Well friends, we have worms!! That's right, we have 2 pounds of worms(about 2,000 worms) in our house right now! In an attempt to cut back on our waste production, and with the desire to improve our soil quality we have decided to begin Vermicomposting(composting with worms)!
After much research we built our worm house out of two plastic totes. The inner tote has about 15 holes 1/2 an inch in diameter drilled into the bottom, with window screen covering them, allowing for moisture to seep into the bottom tote, a catch bin. We also drilled holes into the lid with another screen attached in order to allow ventilation.
Once we built our worm house we ordered our wiggly friends! We ordered our two pounds of worms from: Uncle Jim's Worm Farm. unclejimswormfarm.com It cost $39.95 plus shipping/handling for our worms to be shipped to our door. We learned in our research that it is best to use red wigglers because they can "stand the heat" better, literally they are the best to stand the heat produced by the composting material. Our worms arrived a little on the skinny side, as they got a little hungry and thirsty on their trip, but the packaging included instructions on how to perk them up a bit. The worms once acclimated, produce their entire mass in casting a day (worm poop, the good stuff for composting), and adjust their numbers based the size of their container and quantity of food.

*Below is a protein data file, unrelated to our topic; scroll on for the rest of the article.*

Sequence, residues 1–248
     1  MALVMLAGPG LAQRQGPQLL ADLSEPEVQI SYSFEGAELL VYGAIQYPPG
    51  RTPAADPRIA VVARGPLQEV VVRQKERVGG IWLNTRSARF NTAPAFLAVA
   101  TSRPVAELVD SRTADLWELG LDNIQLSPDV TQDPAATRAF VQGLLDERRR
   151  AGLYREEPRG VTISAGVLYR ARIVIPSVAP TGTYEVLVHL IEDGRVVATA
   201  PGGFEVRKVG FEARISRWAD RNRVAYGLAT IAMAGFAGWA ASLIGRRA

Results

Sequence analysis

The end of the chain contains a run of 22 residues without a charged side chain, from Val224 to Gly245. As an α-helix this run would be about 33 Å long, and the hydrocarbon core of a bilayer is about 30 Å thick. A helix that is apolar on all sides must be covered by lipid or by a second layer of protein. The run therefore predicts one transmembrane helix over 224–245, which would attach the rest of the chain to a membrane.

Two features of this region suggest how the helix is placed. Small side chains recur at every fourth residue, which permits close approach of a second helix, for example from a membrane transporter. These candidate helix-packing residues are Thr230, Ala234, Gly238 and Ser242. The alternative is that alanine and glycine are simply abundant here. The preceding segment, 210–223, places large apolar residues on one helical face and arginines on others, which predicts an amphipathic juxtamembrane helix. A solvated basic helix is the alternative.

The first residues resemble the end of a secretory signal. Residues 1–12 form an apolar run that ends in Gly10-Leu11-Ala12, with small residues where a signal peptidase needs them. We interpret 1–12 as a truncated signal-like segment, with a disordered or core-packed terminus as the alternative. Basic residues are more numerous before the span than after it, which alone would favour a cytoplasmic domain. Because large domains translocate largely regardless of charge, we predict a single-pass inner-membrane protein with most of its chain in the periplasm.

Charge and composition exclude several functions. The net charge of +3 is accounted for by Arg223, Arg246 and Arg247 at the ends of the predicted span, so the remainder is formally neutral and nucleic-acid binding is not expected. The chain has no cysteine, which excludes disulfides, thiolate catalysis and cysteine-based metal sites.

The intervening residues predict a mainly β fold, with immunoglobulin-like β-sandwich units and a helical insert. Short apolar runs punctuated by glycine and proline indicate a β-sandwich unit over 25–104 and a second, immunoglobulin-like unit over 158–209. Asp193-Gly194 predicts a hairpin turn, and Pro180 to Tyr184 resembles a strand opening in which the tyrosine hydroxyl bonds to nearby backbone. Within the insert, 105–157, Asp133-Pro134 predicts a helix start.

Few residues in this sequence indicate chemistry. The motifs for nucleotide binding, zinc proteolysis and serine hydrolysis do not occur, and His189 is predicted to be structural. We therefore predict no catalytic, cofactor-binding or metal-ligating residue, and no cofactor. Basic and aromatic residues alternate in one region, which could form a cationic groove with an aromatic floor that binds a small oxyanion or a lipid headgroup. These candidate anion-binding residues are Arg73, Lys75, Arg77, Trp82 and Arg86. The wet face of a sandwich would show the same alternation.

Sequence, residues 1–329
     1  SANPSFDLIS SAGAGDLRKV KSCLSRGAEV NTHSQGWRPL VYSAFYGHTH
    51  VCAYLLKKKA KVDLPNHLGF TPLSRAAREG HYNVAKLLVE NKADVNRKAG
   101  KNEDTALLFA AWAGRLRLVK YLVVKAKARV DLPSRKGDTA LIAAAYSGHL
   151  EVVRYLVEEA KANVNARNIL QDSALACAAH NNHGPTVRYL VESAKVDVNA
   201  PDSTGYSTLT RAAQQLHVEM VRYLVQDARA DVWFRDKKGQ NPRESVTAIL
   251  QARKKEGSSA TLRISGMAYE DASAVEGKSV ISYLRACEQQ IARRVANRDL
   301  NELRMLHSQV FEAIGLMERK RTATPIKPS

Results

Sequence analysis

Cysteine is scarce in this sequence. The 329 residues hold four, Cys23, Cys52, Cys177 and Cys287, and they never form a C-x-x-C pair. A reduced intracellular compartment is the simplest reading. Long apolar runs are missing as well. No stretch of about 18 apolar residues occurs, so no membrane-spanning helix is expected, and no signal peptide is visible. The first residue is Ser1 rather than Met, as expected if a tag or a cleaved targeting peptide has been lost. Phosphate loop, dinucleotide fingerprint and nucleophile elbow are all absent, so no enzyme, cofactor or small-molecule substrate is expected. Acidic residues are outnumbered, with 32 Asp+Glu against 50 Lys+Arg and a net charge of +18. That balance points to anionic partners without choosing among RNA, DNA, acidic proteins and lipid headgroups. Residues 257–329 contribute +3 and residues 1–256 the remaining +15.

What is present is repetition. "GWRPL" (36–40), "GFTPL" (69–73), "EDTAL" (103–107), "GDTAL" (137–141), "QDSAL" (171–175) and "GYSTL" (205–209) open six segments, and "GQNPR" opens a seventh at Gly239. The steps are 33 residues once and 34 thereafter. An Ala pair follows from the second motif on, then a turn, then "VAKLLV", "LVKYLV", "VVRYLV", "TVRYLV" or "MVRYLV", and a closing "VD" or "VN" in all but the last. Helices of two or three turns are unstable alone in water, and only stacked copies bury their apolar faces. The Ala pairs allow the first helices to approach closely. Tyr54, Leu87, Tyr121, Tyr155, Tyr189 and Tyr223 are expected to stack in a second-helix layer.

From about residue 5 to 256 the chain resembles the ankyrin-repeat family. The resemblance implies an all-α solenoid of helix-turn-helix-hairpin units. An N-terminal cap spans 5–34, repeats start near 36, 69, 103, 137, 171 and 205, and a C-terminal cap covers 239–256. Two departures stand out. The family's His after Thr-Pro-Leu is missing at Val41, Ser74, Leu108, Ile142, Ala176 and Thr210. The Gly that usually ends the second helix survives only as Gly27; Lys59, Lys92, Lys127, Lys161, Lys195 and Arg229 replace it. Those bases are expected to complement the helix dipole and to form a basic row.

We collect our kitchen scraps in a recycled ice cream container(the gallon size) and freeze them for 3 days. We actually have 2 containers so we can rotate between collecting and freezing (well and cause we like ice cream!) The reason, I found out in my research, that you want to freeze the scraps is because it kills the gnat eggs that may be present in the food, and it helps keep down the odor. We have not had a problem with any smell though!
To get started we added a bag of top soil for the worms to get comfy in, and some shredded paper to regulate moisture and as worm food. Then we added the first of the kitchen scraps and our hungry and thirsty worms. After we added the worms we added a few cups of water to moisten everything. It was a pretty simple process all together!
After all that, we wait a few months and we will have nutrient rich compost to feed our garden!
A few sources that helped us get going: